AES.BlockSize = 128
                Dim key = New Rfc2898DeriveBytes(passwordBytes, savedSalt, 1000)
                AES.Key = key.GetBytes(CInt(AES.KeySize / 8))
                AES.IV = key.GetBytes(CInt(AES.BlockSize / 8))
                AES.Mode = CipherMode.CBC
                AES.Padding = PaddingMode.PKCS7

                Using cs = New CryptoStream(ms, AES.CreateDecryptor(), CryptoStreamMode.Write)
                    cs.Write(bytesToBeDecrypted, 0, bytesToBeDecrypted.Length)
                    cs.Close()
                End Using

                decryptedBytes = ms.ToArray()
            End Using
        End Using

        'Return Encoding.UTF8.GetString(decryptedBytes.Skip(savedSalt.Length).ToArray())
        Return Encoding.UTF8.GetString(decryptedBytes.ToArray())
    End Function

I was at one point joining my IV and cipher text with a % character and splitting those, but didn't like the visible clear separation which made the IV obvious.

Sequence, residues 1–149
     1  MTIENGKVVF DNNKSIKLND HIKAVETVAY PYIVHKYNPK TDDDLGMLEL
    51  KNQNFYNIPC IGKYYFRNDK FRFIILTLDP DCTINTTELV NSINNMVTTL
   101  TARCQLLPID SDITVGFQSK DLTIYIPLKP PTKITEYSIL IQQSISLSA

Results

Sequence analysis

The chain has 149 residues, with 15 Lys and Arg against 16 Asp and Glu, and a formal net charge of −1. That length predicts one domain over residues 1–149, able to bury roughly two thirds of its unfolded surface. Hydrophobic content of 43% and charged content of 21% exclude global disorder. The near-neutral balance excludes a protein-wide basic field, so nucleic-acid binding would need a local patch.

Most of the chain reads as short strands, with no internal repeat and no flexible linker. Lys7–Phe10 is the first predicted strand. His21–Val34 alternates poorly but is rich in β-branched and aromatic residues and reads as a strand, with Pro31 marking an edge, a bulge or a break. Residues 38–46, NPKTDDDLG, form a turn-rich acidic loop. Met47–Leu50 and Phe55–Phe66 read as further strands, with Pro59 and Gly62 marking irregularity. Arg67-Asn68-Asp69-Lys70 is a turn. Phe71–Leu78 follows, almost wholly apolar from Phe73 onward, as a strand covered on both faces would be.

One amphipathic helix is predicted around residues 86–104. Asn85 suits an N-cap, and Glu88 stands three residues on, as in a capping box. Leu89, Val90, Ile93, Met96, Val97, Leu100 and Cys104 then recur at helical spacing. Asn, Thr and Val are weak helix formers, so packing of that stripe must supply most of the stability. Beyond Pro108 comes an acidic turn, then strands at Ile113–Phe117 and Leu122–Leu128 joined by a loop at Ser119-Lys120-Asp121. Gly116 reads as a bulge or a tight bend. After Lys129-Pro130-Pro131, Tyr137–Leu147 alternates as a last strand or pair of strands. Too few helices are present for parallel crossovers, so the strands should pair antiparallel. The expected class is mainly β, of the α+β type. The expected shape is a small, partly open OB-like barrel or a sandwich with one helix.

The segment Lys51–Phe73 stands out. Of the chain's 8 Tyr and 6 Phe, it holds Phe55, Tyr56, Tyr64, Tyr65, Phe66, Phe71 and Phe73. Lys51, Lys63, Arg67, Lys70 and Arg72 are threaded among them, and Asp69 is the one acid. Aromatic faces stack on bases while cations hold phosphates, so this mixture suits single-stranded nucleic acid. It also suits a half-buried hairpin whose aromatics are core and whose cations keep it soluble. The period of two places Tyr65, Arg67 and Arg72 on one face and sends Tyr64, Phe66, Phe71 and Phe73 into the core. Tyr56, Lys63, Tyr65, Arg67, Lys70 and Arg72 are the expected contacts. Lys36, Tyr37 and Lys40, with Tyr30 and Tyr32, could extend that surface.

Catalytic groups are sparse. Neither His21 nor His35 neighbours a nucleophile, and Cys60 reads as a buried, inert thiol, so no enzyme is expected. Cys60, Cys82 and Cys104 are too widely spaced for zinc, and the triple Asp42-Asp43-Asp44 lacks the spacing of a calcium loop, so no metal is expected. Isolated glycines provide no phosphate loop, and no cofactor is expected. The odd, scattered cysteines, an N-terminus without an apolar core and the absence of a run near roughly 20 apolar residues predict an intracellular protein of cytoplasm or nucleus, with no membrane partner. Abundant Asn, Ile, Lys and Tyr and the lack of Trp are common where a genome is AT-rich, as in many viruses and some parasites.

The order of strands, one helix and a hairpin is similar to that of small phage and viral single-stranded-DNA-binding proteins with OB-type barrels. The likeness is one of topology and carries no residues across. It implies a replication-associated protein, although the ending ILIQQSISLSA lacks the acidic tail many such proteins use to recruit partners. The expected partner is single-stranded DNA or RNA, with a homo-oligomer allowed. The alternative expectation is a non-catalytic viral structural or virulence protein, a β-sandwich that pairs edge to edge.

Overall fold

Again this is working. My question is more about hardening it within the constraints that you see (A single private password and random IV) and ditching this string concatenation.

I posted this on stackoverflow but it was suggested to move to here because my solution is working. It was also suggested to not be concerned about splitting my encrypted string with "%" as you see commented out in my code and was pointed to this link: https://en.wikipedia.org/wiki/Kerckhoffs%27s_principle

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Disclaimer: I'm not an expert in VB.NET / C#, so I can't and won't comment on things like code-style. I will however address the security of this code. My points are in order of decreasing severity.

Hard-Coded Password